« Why Who Can Sue Under the DMCA is Important |
| INDUCE Act (IICA) Press Roundup - 29 July 2004 »
July 29, 2004
EFF Defends JibJab Animation as Parody
WIRED writes a story on the JibJab controversy, looking fairly closely at the claims for and against fair use (Sue You: This Song Is Our Song). See also, this shorter Newsday article ('This Land' was made for comedy).
For a much more detailed analysis of the legal analysis, however, you can (and should) read the dueling letters between the legal representatives for the This Land is Your Land copyright holders and EFF, which is officially representing JibJab.
Ludlow's 4-page Cease and Desist Letter to JibJab's Lawyer: Re: JibJab Media Unauthorized Use of 'This Land is Your Land' [PDF]
Mr. Guthrie's musical composition is an iconic portrait of the beauty of the American landscape and the disenfranchisement of the underclass. As both a populist anthem and an ironic metaphor, "This Land Belongs to You and Me" contrasts a view of the "sparkling sands of her diamond deserts" and the sun shining on "wheat fields waving" with the city's working class in the "shadow of the steeple near the relief office" who grumble and wonder if such natural treasures embody their own experiece with this country. The Unauthorized Movie does not comment on those themes. Instead, Jib Jab merely uses Mr. Guthrie's lyrics and music as a convenient vehicle to caricature the partisan climate of the current presidential campaign. Although the combination of Mr. Guthrie's music with Jib Jab's script and animation is very funny, the caricaturing of the candidate's sound-byte attacks on each other does not transform the work into a parody of Mr. Guthrie's work.
EFF's 4-page Response to the C&D: Re: Jib Jab Media, Inc. and Ludlow Music, Inc. [PDF]
While your view of Guthrie's "This Land is Your Land" as being predominantly about "the beauty of the American landscape" and "the disenfranchisement of the underclass" is interesting, most Americans think of the song as an iconic expression of the ideal of national unity. Jib Jab's parody addresses, among other things, the lack of national unity that characterizes our current political climate (ending with the optimistic hope that unity might be rediscovered). In short, "This Land" explores exactly the same themes as the Guthrie original, using the parodic device of contrast and juxtaposition to comment on the original. See Abilene Music v. Sony Music Entertainment, 320 F .Supp.2d 84, 90-91 (S.D.N.Y. 2003) (emphasizing the role of contrast and juxtaposition as parodic devices). The parodic comment takes on an additional dimension of irony when viewed in light of the often omitted closing stanzas of Guthrie's original.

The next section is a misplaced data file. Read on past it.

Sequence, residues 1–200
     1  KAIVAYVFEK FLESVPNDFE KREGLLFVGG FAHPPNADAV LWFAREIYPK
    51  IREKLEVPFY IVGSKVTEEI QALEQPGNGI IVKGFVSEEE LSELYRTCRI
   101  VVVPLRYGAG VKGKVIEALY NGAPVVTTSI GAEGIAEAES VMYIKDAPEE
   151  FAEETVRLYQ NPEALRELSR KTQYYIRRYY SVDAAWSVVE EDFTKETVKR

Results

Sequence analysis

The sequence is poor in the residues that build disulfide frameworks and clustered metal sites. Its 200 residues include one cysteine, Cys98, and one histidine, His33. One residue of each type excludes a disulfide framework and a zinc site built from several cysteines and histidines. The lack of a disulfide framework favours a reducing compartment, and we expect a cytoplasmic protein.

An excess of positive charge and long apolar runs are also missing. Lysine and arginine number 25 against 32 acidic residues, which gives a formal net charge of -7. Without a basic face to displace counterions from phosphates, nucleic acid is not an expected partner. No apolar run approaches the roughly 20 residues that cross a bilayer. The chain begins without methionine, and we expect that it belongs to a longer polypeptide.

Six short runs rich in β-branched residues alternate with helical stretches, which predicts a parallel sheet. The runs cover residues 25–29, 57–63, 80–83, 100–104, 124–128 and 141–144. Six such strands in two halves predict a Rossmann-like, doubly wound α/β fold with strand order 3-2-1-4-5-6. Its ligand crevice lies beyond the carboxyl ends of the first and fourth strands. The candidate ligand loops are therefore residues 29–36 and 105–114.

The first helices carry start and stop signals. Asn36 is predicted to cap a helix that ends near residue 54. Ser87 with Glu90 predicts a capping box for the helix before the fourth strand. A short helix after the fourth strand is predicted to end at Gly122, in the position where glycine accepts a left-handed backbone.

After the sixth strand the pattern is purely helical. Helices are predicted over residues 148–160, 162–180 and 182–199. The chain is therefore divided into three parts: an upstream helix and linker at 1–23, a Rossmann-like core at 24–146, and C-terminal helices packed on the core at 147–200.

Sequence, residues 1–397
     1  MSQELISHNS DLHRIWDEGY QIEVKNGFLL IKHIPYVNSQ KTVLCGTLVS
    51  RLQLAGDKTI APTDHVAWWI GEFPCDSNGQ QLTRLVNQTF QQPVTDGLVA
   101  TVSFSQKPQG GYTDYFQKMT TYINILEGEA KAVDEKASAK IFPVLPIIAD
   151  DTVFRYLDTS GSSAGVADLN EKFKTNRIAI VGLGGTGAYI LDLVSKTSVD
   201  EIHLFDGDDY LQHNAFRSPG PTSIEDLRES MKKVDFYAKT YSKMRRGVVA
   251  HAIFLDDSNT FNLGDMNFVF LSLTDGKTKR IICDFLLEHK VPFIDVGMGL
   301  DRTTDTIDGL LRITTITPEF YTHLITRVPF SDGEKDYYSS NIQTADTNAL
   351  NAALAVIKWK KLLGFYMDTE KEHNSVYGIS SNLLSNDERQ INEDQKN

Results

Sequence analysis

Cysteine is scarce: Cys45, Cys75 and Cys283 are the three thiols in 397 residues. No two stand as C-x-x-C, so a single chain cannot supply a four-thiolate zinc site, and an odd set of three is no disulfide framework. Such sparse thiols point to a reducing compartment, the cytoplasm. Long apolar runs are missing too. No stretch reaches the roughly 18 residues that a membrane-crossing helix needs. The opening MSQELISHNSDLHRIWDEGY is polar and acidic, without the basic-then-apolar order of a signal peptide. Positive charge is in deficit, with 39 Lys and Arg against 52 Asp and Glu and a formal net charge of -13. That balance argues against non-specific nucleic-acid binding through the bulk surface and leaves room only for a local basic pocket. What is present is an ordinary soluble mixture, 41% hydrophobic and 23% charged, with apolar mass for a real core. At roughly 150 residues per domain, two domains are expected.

Read both letters, they do an excellent job of summarizing current law on these issues.
Bonus: EFF cites my claim that JibJab's use clearly parodies Guthrie's work in a footnote, "It is enough that the parody here is readily and objectively perceptible, as demonstrated by the fact that a variety of commentators already perceive it clearly" (Parody or Satire? iRaq Posters, JibJab Animation, Fuse's Silhouette Ads).
EFF's official announcement: Update on JibJab's "This Land". via Copyfight
UPDATE 2 31 July 2004
I've added a "JibJab Category to make following this story easier.
+ TrackBacks (0) | Category: Copyright | Culture | JibJab
- RELATED ENTRIES
- Kitchen Academy - Course II - Day 23
- Kitchen Academy - Course II - Day 22
- Kitchen Academy - Course II - Day 21
- Kitchen Academy - The Hollywood Cookbook and Guest Chef Michael Montilla - March 18th
- Kitchen Academy - Course II - Day 20
- Kitchen Academy - Course II - Day 19
- Kitchen Academy - Course II - Day 18
- Salsa Verde